Mary Sues and Other Confessions

by Associate Professor Celli

Mary Sue, aka: self-insertion, OFC (original female character), avatar

Definition: Strictly speaking, a badly written female character that draws the focus of a fanfic away from its canon characters. (See the "Mary Sue Society" at** for more details, and a lot of fun stuff.) In this lesson, any fanfic with a strong original character may be called a Mary Sue; don't be insulted if your definition and mine don't agree.

Lecture I: Where Celli attempts to explain the attraction of Mary Sue-ing by Talking About Herself.)

So, here's the thing (Celli says with not a lot of shame): I write Mary Sues. A lot. My first real fanfic, a Highlander Mary Sue called "Surrender," had it all. Hard-to-pronounce name, gorgeous red hair, admirable fighting skills, great sense of humor, blah blah blah. And we won't even mention the good sex she had with Richie (although I *swear* at the time I didn't realize they were having sex...but it's obvious when you read the dialogue between the two of them) or all the bad stuff that happened to her.

Erm. Yeah. Well. I read it with a fond smile now, but there are a lot of things I could have done to make it a better story.

Compare that with another self-insertion story I wrote, called "Overtime." This was a Stargate story where my character (Lt. Miriam Risk--okay, I'm working on the name thing) had to deal with an unusual pay request from Jack and Teal'c after the events of "Window of Opportunity." However, this time I attempted that crazy little thing called (wait for it) restraint. There is absolutely no description of Lt. Risk anywhere in the story. And she doesn't sleep with anybody.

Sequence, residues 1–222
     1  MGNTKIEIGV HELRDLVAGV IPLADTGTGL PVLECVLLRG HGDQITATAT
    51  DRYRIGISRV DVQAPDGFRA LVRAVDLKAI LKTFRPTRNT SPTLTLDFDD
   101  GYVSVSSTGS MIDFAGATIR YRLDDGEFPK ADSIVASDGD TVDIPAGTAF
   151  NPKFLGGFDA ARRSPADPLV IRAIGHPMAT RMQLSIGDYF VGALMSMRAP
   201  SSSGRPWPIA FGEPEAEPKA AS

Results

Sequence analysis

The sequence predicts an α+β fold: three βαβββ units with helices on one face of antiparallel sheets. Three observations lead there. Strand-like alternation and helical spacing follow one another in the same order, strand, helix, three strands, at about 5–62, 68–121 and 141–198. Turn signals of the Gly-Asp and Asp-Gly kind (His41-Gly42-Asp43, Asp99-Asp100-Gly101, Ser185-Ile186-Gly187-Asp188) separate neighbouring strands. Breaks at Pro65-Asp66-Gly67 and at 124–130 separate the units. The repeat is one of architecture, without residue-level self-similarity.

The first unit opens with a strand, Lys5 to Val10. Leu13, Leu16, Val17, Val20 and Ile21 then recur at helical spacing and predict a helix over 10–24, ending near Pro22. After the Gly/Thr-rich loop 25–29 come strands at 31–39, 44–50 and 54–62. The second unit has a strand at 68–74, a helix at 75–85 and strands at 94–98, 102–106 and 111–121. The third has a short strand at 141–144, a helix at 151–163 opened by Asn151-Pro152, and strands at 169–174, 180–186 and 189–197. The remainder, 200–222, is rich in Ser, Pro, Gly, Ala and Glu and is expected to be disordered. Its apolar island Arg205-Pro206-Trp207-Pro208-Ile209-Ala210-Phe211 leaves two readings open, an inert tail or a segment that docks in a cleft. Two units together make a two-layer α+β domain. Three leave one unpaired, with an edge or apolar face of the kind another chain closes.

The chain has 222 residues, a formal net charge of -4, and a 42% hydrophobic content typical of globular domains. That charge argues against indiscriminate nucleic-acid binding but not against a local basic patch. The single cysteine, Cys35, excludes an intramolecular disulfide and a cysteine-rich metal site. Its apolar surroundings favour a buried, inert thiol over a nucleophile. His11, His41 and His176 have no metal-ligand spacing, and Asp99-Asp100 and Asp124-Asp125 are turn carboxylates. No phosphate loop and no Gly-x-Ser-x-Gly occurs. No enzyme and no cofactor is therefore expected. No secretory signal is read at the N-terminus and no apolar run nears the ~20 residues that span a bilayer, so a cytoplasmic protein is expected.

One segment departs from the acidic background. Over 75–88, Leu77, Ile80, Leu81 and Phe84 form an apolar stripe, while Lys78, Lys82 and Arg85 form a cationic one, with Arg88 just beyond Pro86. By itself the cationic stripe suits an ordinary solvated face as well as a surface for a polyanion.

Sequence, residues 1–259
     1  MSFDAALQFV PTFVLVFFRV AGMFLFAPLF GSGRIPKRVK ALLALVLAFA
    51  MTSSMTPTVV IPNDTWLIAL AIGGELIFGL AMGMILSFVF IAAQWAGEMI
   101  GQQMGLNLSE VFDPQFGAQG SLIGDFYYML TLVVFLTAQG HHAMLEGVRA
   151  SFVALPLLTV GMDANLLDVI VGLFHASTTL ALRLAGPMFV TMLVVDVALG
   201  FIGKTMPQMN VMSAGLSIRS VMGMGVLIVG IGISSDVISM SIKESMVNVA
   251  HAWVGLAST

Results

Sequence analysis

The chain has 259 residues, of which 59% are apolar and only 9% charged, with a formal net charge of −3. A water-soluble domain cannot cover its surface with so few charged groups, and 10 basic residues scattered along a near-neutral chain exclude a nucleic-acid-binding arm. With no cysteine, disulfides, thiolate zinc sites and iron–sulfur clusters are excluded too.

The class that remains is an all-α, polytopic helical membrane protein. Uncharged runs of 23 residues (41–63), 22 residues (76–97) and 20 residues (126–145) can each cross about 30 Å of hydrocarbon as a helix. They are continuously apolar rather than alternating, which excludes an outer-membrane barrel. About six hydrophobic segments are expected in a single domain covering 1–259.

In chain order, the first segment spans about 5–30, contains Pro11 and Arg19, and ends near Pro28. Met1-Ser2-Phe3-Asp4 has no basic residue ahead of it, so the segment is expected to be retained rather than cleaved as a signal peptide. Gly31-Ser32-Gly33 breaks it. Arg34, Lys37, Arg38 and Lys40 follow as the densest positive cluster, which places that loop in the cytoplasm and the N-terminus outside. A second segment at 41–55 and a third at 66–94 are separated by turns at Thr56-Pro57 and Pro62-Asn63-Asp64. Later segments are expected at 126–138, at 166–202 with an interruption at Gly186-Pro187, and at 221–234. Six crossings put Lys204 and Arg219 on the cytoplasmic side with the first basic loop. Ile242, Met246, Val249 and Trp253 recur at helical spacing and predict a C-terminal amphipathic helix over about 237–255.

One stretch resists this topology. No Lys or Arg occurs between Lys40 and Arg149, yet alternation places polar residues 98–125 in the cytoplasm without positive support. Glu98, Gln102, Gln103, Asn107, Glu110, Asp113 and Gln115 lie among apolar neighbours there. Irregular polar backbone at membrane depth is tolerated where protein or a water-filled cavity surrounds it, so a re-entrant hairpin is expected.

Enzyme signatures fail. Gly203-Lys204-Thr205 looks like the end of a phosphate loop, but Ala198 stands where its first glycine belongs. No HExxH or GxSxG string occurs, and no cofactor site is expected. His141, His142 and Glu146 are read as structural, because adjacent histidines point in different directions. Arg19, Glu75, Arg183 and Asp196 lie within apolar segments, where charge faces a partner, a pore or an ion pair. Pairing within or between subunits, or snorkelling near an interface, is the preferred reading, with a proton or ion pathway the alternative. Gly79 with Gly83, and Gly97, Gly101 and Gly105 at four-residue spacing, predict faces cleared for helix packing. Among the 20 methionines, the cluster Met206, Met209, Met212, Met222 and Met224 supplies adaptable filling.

But she's me. I have an accounting background and an addiction to Excedrin Migraine. That's what made the story so fun! What would I do if my job was to deal with Jack, Danny, and the rest of SG-1? (We don't see Lt. Risk drinking heavily, but I'm sure she does.) And if I ever write another story with her, you can darn sure bet she's gonna have a thing for Major Davis, because I find the character...rather attractive.

We won't even get into the UC: Undercover Mary Sue...we just won't. *g*

Lecture II: Where Celli defends Mary Sues.

Readers like romance. At heart, most romance novels are Mary Sues: a female character the writer strongly identifies with gets involved with an exciting male character. And if the writer does their job well, the audience identifies just as strongly with said female character, falls in love with said male character, and three hundred pages later, everybody's happy. Works for me. (I have--I kid you not--nearly every Nora Roberts novel. Ever.)

If you don't like Mary Sues, that's okay. A) Not everyone likes romance. B) A lot of people will only read romantic fic if it involves two already established characters (Mulder/Scully, Paris/Torres, Buffy/Angel). Also perfectly fine. I also love to read something that could clearly happen on TV, and imagine characters I already know instead of getting to know a new one.

But Mary Sues have a lot to offer, too. Introducing a new character into an established show is a good way to get a fresh viewpoint and a new perspective into the situation. If you're going to have to explain a lot of things, it helps to have someone to listen to them. It avoids the "As you know, Bob" trap: As you know, Sam, we travel through a wormhole to other planets...; As you know, Cordelia, we run a paranormal detective agency in the Hyperion Hotel....

It's also fun to imagine yourself in the middle of your favorite book, series, or movie. Most actors and writers and directors started out that way. We just write it down. There's a good argument that it's no fun reading someone else's thinly veiled fantasies--but isn't that what fiction is, fantasy done well enough that an audience buys into it?

Lecture III: When Mary Sues Go Wrong

I read a lot of stories to find the fics I recommended later in this lesson, and I have a few firm opinions on what makes a good and a bad Mary Sue. To wit:


Note: These authors don't necessarily classify their stories as Mary Sues. Technically, I'm not recommending any MS's here, because by definition those are bad, and all these stories are really good. I'm recommending stories I like that happen to have strong original characters. If I have a link to your story, and you don't want me to recommend it, let me know, and I'll take the link down.